Summer’s end is looking to be full of life changes: over the next few days, I’m metaphorically graduating from my workplace of the last four years, the Other Press newspaper.
I emerged from high school, entered college, and immediately started contributing, so the paper has been a big part of my growth. I’ve become a stronger writer and editor; hopped between the positions of contributor, staff writer, opinions editor, assistant editor, and Editor-in-Chief; travelled everywhere from Edmonton to Saskatoon to Ottawa; met some of my closest friends, including my now-roommate; and found myself positively besotted with the fella who was EIC when I first started at the paper.
I’ve compared moving on from the paper to the end of an epic romance, à la Casablanca: as excited as I am for new opportunities, my life has been so joyfully replete with making newspapers for so long. It will be strange not spending my weekends bent over a computer, furiously flipping through style guides while attached to a veritable IV of orange pekoe.
I’m polishing off another semester of classes, plodding through final essays and final exams; soon I’ll be moving on to my first nine-to-five position, via my school’s co-op program. (Keep your eyes peeled for the lemon-themed meal Stephanie and I had to celebrate!) August is full of beginnings, endings, and general life changes for me.
But amid all this start-and-stop, I want to talk about my return to an old love: inspired by Stephanie’s post on books, and my good friend’s recommendation of the Rory Gilmore reading list, I started picking up books again.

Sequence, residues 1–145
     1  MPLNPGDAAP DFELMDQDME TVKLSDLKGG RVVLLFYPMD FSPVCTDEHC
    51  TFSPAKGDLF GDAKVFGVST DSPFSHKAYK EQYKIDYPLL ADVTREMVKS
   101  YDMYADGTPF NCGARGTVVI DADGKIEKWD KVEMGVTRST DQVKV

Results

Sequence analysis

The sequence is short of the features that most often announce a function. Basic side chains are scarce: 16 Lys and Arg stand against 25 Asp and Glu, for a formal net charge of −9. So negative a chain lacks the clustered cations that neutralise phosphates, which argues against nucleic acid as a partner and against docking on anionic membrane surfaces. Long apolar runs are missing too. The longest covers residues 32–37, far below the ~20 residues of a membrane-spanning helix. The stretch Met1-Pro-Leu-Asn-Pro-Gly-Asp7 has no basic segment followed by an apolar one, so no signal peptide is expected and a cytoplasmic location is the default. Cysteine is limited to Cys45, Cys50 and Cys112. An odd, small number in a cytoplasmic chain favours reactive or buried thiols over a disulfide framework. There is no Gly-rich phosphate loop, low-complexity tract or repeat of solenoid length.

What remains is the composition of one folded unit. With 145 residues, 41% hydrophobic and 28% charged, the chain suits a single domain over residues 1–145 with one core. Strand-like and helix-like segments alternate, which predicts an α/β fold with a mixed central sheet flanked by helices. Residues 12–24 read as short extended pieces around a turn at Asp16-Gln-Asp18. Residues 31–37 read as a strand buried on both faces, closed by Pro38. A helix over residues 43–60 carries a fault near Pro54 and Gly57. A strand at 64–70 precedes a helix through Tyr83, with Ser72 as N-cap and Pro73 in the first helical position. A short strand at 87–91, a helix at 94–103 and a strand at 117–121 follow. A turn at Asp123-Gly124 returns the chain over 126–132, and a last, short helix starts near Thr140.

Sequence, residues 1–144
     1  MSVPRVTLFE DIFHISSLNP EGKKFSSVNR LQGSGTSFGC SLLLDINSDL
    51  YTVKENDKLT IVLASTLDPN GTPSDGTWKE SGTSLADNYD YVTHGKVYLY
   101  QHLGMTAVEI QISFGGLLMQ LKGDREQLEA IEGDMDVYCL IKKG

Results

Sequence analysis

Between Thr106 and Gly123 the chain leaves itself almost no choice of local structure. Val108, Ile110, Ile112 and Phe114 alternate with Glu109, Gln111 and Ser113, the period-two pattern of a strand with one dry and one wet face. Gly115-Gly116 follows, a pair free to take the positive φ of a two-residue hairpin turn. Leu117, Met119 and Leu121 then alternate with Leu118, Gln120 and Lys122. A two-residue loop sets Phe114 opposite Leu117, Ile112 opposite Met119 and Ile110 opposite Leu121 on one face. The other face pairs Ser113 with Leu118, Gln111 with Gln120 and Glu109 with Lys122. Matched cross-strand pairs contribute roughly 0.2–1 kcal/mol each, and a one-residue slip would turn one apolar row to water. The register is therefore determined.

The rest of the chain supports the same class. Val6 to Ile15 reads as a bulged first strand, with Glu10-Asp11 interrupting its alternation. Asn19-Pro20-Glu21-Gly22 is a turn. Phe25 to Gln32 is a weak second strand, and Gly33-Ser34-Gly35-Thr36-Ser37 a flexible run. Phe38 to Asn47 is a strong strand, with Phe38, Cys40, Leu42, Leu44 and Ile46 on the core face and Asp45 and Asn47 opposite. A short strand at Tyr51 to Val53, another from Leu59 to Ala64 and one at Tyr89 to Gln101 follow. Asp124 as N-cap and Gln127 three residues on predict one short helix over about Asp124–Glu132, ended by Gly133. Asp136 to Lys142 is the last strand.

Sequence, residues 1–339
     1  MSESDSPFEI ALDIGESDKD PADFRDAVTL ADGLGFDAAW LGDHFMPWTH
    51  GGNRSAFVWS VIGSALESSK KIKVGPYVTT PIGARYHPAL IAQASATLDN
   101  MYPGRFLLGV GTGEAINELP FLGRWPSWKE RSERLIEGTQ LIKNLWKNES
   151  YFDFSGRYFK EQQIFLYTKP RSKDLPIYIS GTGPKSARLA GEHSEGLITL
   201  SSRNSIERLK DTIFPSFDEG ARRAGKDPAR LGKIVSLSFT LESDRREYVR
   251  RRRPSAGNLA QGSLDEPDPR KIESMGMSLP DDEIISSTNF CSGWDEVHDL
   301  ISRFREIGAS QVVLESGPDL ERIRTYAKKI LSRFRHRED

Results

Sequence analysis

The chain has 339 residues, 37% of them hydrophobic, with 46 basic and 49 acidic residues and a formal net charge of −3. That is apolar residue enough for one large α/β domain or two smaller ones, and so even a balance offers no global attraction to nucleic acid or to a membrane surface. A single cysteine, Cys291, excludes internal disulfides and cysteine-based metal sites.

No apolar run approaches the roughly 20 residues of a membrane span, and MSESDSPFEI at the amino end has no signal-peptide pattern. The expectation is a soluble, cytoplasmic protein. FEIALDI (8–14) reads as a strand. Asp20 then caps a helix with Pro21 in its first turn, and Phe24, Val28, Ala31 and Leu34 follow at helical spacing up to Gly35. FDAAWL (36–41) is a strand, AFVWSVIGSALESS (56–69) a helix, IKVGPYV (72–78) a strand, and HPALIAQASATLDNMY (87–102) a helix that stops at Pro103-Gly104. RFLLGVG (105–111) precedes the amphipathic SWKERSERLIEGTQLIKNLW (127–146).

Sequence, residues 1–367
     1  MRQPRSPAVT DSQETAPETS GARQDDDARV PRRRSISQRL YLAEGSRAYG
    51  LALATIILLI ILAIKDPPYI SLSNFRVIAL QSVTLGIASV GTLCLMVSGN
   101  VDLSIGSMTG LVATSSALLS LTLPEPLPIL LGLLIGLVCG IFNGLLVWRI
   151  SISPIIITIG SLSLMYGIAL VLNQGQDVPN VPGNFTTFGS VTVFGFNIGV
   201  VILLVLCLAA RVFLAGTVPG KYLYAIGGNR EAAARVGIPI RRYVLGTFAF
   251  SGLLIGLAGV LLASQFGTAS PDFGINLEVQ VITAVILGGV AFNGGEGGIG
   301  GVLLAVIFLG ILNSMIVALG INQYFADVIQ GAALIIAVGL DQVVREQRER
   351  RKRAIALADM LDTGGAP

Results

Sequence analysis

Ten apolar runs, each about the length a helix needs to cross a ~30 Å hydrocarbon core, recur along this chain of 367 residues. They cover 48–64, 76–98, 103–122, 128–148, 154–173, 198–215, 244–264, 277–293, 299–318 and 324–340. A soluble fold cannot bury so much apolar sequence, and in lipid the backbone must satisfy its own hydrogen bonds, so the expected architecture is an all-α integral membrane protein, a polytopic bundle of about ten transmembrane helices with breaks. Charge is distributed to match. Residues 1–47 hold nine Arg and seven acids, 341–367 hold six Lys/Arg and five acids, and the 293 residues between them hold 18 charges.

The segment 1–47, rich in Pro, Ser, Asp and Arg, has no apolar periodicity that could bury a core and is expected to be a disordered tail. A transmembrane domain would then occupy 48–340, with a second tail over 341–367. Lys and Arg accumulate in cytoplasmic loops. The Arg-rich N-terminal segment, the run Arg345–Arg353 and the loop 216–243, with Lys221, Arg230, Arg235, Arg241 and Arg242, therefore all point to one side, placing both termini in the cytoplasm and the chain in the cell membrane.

As I’ve mentioned before, when I was young I was a voracious reader. Since first finding as a child that I enjoy the escapism of a good book, I’ve spent lazy days on A Series of Unfortunate Events, the Harry Potter series, the Gemma Doyle trilogy, and too many others to list.
In more recent years though, I’ve lost touch with this pleasant pastime. I still read, but it’s easier zoning out with a TV show after a day spent writing essays and articles, editing, and occasionally doing readings for lecture.
As I leave behind hours spent on spelling, syntax, and the delicious construction of a sentence, I think I’m craving the comfort of typeface. So, since picking up Go Set a Watchman and moseying through Who’s Afraid of Virginia Woolf, I find myself not wanting to binge watch The Good Wife.
I want to exchange book recommendations, and dedicate days to noms and narratives. I want to explore vast vocabularies, dog-earing terms for future use. As my life changes, I’m aware that the Other Press has given me so much over the years; thankfully though, almost none of it is limited to the pages of the newspaper itself.
Photo by George Yanakiev, via StockSnap